Everyone knows that cooking your own meals can save you a lot of money, but the main reason we cook our special meals is because it gives us the opportunity to spend time together doing something. The money savings is significant but time spent working on a meal together is far more entertaining than getting dressed up, waiting for our reservation, sitting at a table, and waiting for food to be served. Plus, you don’t have to pay 2.6x the retail price for a bottle of wine!

I couldn’t help but break down the cost of the meal, just to see how much it really cost and was genuinely surprised (figures are ballpark):

  • Rack of lamb: We bought the rack at Costco for approximately $14, with each of us eating two chops each (just like in the picture!). $7.
  • Tomatoes: We bought two “ugly” vintage tomatoes for about $2.
  • Fresh herb pack: We picked up a package of fresh herbs designed for roasting chicken and used a little of the rosemary and thyme; I imagine the spices used cost less than $1.
  • Potatoes: We bought a 5 lb. bag for $3.99 from our local grocery store. I’m not sure how many we used but let’s say a third of the bag – $1.50.
  • Smoking Loon Syrah: Picked up a bottle from our local wine shop, $8.99.

Total price of our romantic meal? $20.49.

I challenge you to find an entree that includes any cut of lamb that costs less than $20.49. It’s a lot more work to cook it yourself and you have to clean up afterwards, but between the quality time and the money saved, you simply can’t beat avoiding the Valentine’s day crowds and cooking up your own special meal.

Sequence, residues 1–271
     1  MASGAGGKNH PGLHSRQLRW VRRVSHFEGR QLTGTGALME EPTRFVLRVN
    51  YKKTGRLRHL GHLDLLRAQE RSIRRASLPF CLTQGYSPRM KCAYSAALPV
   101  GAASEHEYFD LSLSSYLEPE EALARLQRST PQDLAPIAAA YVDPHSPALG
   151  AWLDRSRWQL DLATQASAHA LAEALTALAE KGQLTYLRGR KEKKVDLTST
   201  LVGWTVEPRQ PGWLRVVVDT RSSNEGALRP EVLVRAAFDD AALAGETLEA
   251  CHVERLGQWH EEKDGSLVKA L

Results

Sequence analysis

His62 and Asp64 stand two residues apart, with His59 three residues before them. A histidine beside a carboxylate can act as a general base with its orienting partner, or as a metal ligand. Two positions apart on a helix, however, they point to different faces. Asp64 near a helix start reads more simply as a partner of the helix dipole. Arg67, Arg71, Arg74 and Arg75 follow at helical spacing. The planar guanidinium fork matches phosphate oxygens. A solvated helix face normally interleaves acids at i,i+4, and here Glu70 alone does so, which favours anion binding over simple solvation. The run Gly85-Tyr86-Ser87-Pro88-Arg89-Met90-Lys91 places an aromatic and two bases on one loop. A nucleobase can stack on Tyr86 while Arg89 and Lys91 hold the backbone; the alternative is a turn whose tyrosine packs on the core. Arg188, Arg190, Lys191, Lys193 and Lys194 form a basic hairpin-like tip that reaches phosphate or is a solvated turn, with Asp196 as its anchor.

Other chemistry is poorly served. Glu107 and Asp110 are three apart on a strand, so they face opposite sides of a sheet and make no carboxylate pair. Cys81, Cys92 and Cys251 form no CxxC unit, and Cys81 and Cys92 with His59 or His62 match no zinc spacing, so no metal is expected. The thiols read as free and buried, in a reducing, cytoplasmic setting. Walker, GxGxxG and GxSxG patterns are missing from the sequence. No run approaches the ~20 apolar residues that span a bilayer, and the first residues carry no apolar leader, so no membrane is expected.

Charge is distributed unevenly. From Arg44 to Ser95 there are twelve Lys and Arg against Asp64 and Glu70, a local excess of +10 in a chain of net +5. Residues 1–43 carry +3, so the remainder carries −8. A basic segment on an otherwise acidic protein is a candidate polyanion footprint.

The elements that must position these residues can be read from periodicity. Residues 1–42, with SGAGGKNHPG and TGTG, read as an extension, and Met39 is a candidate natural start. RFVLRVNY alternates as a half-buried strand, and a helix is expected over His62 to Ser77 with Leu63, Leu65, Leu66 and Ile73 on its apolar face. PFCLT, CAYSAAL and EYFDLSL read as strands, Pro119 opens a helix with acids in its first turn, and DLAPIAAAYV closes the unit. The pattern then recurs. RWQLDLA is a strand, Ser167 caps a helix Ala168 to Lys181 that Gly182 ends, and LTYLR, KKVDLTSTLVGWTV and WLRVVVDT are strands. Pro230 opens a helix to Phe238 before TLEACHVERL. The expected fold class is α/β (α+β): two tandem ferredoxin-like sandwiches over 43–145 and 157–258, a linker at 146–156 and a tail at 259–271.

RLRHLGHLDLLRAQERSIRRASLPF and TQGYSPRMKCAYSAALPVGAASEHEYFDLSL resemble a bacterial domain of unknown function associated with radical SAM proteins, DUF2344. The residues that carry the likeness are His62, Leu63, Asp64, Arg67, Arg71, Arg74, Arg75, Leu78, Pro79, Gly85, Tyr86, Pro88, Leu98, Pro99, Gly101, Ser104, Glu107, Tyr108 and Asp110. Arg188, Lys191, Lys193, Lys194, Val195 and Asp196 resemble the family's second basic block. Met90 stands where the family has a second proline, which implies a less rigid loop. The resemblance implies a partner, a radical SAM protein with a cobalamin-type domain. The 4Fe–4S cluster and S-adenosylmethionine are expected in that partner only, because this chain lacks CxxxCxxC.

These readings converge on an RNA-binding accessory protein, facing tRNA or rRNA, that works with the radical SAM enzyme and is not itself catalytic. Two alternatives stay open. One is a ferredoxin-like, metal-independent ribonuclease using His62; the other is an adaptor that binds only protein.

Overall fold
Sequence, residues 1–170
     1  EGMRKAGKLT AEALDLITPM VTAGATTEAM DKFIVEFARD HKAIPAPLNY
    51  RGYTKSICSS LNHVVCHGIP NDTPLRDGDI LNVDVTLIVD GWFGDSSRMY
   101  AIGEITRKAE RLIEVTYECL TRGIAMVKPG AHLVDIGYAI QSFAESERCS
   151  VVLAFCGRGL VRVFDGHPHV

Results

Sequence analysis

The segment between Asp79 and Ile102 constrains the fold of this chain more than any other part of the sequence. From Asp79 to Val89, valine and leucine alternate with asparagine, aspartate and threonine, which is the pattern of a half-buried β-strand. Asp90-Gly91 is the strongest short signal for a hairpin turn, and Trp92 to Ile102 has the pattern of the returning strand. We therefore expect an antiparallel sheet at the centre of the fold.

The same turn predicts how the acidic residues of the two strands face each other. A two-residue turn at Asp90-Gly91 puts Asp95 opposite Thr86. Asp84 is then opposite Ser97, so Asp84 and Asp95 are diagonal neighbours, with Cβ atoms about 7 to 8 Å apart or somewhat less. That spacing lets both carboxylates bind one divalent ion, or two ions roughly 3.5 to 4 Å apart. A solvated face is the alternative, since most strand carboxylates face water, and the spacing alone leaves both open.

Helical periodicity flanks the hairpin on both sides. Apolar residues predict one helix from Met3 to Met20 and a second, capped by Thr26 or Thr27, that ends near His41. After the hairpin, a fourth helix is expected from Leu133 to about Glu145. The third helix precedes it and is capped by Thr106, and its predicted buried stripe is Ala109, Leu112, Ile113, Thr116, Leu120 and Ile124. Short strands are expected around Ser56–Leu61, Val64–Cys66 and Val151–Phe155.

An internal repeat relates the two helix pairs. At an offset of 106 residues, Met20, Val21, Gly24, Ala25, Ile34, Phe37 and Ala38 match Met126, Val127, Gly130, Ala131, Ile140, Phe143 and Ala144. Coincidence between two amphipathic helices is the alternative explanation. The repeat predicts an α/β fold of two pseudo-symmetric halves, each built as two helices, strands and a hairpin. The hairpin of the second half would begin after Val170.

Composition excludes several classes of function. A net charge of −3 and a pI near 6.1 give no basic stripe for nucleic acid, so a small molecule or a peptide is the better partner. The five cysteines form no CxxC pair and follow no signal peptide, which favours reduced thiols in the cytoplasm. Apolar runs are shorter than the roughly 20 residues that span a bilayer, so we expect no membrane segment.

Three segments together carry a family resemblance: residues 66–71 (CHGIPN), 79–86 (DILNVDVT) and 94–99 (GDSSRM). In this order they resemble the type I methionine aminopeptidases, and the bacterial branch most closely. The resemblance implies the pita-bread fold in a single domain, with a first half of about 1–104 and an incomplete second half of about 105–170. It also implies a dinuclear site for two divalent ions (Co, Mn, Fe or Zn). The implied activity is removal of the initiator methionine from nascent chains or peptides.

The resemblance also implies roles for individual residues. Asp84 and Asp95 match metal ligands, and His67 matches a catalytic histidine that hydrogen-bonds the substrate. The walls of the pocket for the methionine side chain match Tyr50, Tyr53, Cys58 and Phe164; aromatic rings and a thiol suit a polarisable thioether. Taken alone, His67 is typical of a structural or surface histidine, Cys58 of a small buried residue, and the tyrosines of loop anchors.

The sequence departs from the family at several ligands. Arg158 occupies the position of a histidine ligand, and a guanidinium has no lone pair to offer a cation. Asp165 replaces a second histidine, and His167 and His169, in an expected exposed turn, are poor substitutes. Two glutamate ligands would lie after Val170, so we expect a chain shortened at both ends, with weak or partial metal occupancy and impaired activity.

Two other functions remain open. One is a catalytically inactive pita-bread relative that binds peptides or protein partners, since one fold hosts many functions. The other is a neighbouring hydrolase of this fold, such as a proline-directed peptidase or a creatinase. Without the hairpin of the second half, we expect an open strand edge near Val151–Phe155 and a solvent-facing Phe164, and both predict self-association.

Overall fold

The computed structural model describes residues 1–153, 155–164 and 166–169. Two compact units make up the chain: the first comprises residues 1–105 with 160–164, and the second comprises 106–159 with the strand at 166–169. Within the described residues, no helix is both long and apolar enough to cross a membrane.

If you cooked something special this year for Valentine’s day, what was it? We’re always on the lookout for fun new meals!

 Frugal Living 

A Penny Saved, Is A Penny And A Third Earned

“A penny saved is a penny earned.”
       — Benjamin Franklin

That oft quoted Benjamin Franklin line, while good intentioned, is actually inaccurate nowadays.

Can you guess why?

Chances are, you can and you said taxes.

If you are in the 25% tax bracket, every additional penny you earn will be taxed at that rate. This doesn’t even take into account local and state taxes (though it also excludes deductions). When you save a penny (and here are a 100 money saving tips), you’ve saved the whole thing! Thankfully, the government hasn’t yet discovered a way to directly tax savings (though one would argue that inflation is essentially a tax on savings).

You can’t blame Poor Richard though, he was never alive to see a personal income tax. The first personal income tax was first levied in 1861 to help pay for the Civil War.

So, the next time someone says “A penny saved is a penny earned,” be sure to remind them that we have to pay taxes on our earnings. A penny saved is actually worth a penny and a third earned.

(Photo: Dystopos